This is an archived article and the information in the article may be outdated. Please look at the time stamp on the story to see when it was last updated.

The city of Norwalk is out with a plan to repair and repave city streets, but some homeowners fear it’s an expense they can’t afford.

Instead of paying for the project entirely with property taxes, a portion of the cost will come directly from property owners.

“This is a public road why should I have to pay for it,” says Norwalk resident Robert Stockwell.

Stockwell recently got a letter from the city of Norwalk saying he would have to pay up to $7,000 for repairs to his street, driveway, sidewalk and service lines.

While he agrees the work needs to be done, he says the cost should come entirely from property taxes.

“I`m retired, pretty much on a fixed income and where am I going to get that money from,” says Stockwell.

His neighbor Liz Dace is in the same boat.

“It`s impossible, it`s really impossible, where are we supposed to come up with this,” says Dace.

Her assessment said she owed more than five grand, money she just doesn’t have.

Residents along Holly, Happy Hallow Drive and Wakonda Drive are part of phase one of a reconstruction project to fix up Norwalk’s streets.

The Mayor says they have to act now or prices will continue to rise.

“There are issues with the infrastructure underneath the streets and at some time we have to bite the bullet and unfortunately we’ve come to that point where we can`t kick this down the road any further,” says Norwalk Mayor Tom Phillips.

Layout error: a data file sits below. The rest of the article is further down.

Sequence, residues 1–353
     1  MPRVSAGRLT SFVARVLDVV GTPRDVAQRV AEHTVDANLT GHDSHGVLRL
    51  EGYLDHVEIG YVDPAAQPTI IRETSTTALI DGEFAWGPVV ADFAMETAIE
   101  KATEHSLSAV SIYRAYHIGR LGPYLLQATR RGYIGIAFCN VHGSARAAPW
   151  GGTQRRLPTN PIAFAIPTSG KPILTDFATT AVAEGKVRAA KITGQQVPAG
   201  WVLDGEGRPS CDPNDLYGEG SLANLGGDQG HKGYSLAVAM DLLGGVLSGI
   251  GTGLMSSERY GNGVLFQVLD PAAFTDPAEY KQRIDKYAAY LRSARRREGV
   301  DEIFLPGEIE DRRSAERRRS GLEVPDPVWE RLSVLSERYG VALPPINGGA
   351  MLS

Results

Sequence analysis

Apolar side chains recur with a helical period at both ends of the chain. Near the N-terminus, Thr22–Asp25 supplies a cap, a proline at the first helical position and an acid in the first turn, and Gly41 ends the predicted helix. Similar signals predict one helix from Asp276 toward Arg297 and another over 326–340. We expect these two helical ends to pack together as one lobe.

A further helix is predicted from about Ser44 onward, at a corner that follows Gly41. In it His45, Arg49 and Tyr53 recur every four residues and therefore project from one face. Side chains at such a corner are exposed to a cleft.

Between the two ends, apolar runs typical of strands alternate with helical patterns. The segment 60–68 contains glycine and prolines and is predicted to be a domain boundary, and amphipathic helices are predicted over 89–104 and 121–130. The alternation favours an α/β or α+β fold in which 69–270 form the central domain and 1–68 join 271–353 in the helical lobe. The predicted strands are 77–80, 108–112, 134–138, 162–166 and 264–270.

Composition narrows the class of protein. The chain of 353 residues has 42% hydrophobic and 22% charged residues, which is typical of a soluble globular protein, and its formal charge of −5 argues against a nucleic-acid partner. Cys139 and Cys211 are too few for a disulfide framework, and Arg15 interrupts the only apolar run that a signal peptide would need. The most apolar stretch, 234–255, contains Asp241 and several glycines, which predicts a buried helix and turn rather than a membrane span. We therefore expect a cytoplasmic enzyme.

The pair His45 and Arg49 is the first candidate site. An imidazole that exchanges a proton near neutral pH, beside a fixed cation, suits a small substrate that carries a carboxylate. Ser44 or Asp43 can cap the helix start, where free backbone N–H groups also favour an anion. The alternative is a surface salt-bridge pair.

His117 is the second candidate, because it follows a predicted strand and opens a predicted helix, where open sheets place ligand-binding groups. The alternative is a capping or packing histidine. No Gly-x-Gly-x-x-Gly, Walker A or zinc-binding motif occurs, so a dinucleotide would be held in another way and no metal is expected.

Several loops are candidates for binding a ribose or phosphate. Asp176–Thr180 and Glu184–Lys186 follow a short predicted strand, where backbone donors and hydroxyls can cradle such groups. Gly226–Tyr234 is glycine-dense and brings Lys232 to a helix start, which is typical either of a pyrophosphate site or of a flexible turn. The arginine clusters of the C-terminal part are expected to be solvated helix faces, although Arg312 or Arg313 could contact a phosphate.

Dozens of residents came to share their opposition to the imposed fee to Norwalk’s City Council Meeting Thursday night, but the council moved ahead with approving it.

The city says the residents will only be responsible for twelve to eighteen percent of the total costs of repairs the rest will come from property taxes.

Dace has lived on the street for 35 years and says this is the first time any maintenance or repairs have been done.

“There hasn`t been any attempt by the city to do anything on this street,” says Dace.

The city says that’s because of a lack of funding and reaching the limits on several already imposed taxes to residents.

“The funding from the state is rather limited, the council is reluctant to raise those rates and our $8.10 taxing authority is also at the limit also so our hands are very much tied,” says Norwalk Public Works Director Tim Hoskins.

After phase one is complete, other neighborhoods around Norwalk will also be assessed for repairs with the homeowners responsible for their portion as well.

Homeowners are not responsible for their part of the payment until the work has been complete.